When did that first novel appear?

    Mabuse also gave a face to the faceless forces ruining the country — he manipulates stocks, pumps counterfeit money into the economy, stirs up violence, and boasts that gambling with men’s lives is the only game worth playing.

    So, really, it’s a 100-year-old book with no relevance to modern society.

    1. Jeff Nettleton

      The novel appeared in 1921, Lang’s silent epic Dr Mabuse, Der Spieler was 1922, Das Testament des Dr Mabuse was 1933, Die Tausend Augen des Dr Mabuse is 1960. The post Lang series (5 films, in all) began in 1961 and lasted through 1964. Jess Franco die La Venganza del Dr Mabuse in 1971. Docteur M (a French film) appeared in 1990, and Ansel Faraj directed two Mabuse films in 2013 and 2014.

      Testament was filmed both in German and French, with the French version shot on the same sets; but with a mostly different cat.

        1. Jeff Nettleton

          The film was in production while the novel was being serialized. The original release of the novel was done with unprecedented publicity, something way ahead of its time (but commonplace these days). Lang and Thea Von Harbour went to work right away. At the same time, film production in that era was pretty quick, given that most films were stagebound and special effects were in their infancy.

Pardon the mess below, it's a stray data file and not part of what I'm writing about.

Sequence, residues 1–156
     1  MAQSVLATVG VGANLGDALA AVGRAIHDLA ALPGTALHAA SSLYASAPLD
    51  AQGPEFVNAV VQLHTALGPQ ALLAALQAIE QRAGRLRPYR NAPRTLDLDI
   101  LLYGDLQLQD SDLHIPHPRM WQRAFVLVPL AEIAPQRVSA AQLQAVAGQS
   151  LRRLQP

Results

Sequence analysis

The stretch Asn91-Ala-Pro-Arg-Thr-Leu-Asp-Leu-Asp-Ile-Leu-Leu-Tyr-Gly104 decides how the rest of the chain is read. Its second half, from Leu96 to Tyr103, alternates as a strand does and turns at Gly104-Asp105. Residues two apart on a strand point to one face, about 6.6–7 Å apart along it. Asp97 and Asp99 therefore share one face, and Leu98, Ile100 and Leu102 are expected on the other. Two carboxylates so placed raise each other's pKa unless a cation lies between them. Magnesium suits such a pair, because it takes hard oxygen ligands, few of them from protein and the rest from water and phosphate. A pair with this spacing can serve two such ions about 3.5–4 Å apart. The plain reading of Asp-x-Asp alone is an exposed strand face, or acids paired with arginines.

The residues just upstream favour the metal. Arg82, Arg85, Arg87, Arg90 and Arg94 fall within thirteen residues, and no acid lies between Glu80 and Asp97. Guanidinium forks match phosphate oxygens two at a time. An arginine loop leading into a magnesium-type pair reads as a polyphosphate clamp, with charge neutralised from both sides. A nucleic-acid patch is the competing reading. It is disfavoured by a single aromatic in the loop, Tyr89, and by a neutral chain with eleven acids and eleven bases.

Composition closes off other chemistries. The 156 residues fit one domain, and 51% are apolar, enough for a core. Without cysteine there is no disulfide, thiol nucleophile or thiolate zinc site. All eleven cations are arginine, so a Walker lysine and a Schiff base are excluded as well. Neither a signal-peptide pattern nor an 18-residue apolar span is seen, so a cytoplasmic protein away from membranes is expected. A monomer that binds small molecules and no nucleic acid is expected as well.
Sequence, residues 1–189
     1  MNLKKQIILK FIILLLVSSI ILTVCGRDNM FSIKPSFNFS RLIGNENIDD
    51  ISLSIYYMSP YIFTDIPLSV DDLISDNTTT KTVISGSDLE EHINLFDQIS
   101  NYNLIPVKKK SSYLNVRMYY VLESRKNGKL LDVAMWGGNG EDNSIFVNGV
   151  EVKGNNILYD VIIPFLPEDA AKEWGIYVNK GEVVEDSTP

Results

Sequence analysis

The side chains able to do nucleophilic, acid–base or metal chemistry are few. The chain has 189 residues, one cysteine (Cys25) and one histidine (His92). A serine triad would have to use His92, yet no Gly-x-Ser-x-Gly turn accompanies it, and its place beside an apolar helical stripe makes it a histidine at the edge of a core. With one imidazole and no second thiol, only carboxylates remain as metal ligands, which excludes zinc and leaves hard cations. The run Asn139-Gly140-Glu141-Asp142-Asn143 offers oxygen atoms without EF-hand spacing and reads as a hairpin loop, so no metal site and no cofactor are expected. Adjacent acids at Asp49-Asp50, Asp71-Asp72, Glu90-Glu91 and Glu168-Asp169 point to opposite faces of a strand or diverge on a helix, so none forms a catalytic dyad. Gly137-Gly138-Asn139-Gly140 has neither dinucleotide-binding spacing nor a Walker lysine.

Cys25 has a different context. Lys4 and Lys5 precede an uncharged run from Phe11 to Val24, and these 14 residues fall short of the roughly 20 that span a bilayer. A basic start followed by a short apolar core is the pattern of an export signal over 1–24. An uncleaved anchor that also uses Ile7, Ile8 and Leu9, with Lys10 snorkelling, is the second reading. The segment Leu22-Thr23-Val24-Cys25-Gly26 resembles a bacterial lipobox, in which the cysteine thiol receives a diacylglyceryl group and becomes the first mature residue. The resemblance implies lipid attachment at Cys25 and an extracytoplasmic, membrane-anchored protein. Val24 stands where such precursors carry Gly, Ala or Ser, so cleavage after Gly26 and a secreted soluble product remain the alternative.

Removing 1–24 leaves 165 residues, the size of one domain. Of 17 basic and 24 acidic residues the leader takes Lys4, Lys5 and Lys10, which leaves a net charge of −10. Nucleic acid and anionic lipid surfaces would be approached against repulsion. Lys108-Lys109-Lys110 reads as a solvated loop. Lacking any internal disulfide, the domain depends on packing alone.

Dr Mabuse, the Gambler was groundbreaking, technically, in that element and featured a night car chase scene, that was highly innovative and popular with audiences.

          Jacques wrote the sequel, Testament of Dr Mabuse, concurrently with film production of it, based on Lang and Harbour’s script. The novel was released simultaneously with the film. Jacques had started a different sequel , Mabuse’s Colony, when Lang asked for help with the script for M (Lang, Von Harbou and Jacques were close friends, dating back to the original film). That novel was to feature a female villain who would build a society around Mabuse’s manifesto. Lang latched onto part of the idea; but convinced Jacques that it should go in a different direction. Jacques abandoned Mabuse’s Colony and started on the novel of Testament, while Lang and Harbou developed the script, with his input.

          Jacques ad other novels that were adapted for German film and wroe a few screenplays.